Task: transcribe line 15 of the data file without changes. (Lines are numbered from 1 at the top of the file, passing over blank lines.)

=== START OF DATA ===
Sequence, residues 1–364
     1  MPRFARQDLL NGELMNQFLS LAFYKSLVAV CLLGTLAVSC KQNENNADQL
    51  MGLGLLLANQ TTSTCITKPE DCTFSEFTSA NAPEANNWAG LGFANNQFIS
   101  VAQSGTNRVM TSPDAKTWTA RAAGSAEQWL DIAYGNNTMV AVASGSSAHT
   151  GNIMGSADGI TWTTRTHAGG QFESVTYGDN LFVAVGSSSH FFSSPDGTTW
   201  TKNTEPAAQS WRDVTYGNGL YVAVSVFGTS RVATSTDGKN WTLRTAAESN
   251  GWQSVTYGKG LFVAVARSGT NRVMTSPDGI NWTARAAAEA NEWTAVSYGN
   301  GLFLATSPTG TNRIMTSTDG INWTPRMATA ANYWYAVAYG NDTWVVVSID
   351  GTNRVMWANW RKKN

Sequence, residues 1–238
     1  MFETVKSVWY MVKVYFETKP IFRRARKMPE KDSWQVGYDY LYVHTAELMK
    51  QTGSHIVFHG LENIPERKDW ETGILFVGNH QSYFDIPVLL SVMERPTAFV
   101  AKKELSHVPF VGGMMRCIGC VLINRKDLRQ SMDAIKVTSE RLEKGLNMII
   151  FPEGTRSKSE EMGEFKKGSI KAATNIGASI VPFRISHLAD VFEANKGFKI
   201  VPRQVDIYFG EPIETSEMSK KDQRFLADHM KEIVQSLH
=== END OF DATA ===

   201  VPRQVDIYFG EPIETSEMSK KDQRFLADHM KEIVQSLH